Homebuilding rebounded less than expected in May as very expensive lumber and shortages of other materials continued to constrain builders' ability to take advantage of an acute shortage of houses on the market.
The latest housing report from the Commerce Department on Wednesday also showed permits for future home construction falling to a seven-month low. Housing completions also declined, while the number of homes authorized for construction but not yet started rose to the highest level since 1999, indicating supply will likely remain tight for a while and boost house price inflation.
"Shortages of materials and labor have builders struggling to increase production of new homes, though the demand remains strong," said Robert Frick, corporate economist at Navy Federal Credit Union. "Potential home buyers should expect tight inventories and rising prices for both new and existing homes for the foreseeable future."
Housing starts rose 3.6 percent to a seasonally adjusted annual rate of 1.572 million units last month. Data for April was revised down to a rate of 1.517 million units from the previously reported 1.569 million units.
Groundbreaking activity rose in the Midwest, the West and the densely populated South, but fell in the Northeast.
Economists polled by Reuters had forecast starts increasing to a rate of 1.630 million units. Last month's increase still left starts below March's rate of 1.725 million units, which was the highest level since June 2006. Housing starts, however, jumped 50.3 percent on a year-on-year basis in May.
Single-family homebuilding, the largest share of the housing market, increased 4.2 percent to a rate of 1.098 million units. Starts for the volatile multi-family segment rose 2.4 percent to a pace of 474,000 units.
Softwood lumber prices increased a record 154.3 percent year-on-year in May, according to the latest producer price data. Lumber futures contracts have dropped from historic highs set in early May as sawmills ramped up production and imports increased. Still, prices remain very high.
A survey from the National Association of Home Builders on Tuesday showed confidence among single-family homebuilders fell to a 10-month low in June.
Higher costs and declining availability for softwood lumber, copper, steel and other building materials has driven up prices of new homes.
The NAHB blamed the ebb in sentiment on "higher costs and declining availability for softwood lumber and other building materials," noting that was driving up prices of new houses "which has slowed the strong pace of homebuilding."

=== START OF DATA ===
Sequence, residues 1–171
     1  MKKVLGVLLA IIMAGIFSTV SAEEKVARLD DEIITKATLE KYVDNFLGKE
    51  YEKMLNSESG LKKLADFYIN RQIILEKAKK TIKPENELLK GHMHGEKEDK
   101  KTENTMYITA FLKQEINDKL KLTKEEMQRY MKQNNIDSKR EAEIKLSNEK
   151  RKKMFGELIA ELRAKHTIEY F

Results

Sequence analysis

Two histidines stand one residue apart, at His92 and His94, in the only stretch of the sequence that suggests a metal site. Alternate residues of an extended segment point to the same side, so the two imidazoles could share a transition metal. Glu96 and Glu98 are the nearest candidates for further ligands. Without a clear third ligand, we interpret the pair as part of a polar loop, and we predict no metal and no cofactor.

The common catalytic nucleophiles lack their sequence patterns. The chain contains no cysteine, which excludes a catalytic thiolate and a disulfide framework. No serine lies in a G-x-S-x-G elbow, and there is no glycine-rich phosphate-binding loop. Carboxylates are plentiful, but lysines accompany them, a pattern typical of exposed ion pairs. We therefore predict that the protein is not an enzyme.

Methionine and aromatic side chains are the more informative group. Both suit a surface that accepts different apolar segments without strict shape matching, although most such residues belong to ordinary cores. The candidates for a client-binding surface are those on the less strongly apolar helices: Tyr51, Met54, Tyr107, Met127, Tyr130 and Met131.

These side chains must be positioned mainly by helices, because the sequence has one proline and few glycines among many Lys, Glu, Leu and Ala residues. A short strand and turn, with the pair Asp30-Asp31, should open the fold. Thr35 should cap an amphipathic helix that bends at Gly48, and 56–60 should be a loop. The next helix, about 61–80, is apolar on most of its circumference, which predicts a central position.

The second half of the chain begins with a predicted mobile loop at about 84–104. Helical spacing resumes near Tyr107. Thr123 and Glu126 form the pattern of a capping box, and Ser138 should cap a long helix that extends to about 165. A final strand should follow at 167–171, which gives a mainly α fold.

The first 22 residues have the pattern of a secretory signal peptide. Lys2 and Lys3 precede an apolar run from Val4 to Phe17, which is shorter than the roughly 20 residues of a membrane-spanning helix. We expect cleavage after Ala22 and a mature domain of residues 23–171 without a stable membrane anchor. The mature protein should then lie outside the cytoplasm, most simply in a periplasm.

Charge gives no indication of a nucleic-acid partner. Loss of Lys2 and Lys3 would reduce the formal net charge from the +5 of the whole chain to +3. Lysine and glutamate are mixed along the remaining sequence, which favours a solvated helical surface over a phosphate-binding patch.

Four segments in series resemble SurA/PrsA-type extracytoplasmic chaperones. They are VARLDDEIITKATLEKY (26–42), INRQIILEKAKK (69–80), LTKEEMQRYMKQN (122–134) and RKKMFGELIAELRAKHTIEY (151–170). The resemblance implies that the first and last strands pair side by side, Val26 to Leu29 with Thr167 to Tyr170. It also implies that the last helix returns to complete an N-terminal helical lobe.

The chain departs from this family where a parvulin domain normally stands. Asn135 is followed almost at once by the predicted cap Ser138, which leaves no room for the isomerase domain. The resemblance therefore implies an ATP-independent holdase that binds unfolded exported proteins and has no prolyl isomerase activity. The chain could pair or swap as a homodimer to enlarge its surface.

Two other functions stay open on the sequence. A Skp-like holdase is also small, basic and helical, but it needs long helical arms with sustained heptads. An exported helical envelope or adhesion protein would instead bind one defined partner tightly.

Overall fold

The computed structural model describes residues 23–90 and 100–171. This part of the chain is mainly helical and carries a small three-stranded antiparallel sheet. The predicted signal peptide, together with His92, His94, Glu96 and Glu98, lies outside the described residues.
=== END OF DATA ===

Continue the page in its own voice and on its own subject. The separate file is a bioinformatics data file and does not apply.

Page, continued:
Copper is in short supply, while tariffs on steel imports are also adding to building costs, which are boosting new home prices and contributing to higher inflation. Some appliances are also scarce because of a global semiconductor shortage.
A separate report from the Labor Department on Wednesday showed import prices rising 1.1 percent in May. That lifted the year-on-year increase to 11.3 percent, the largest gain since September 2011, from 10.8 percent in April.
"The U.S. is experiencing cost-push inflation, which historically has proven more temporary than other causes of inflation, primarily demand pull," said Ryan Sweet, a senior economist at Moody's Analytics.
Demand for bigger and more expensive accommodations amid the Covid-19 pandemic, which has left millions of Americans still working from home, is driving a housing market boom. The inventory of previously owned homes is near record lows.
House prices have increased by the most in more than 15 years on an annual basis, raising concerns that some first-time buyers could be priced out of the market.
The housing market has been the star performer in the economy's recovery. Residential construction investment has enjoyed double-digit growth since the third quarter of last year. Most economists expect housing will make a modest contribution to gross domestic product growth in the second quarter.
"New residential construction remains strong, but building material pricing and availability are likely to remain significant headwinds," said Charlie Dougherty, an economist at Wells Fargo.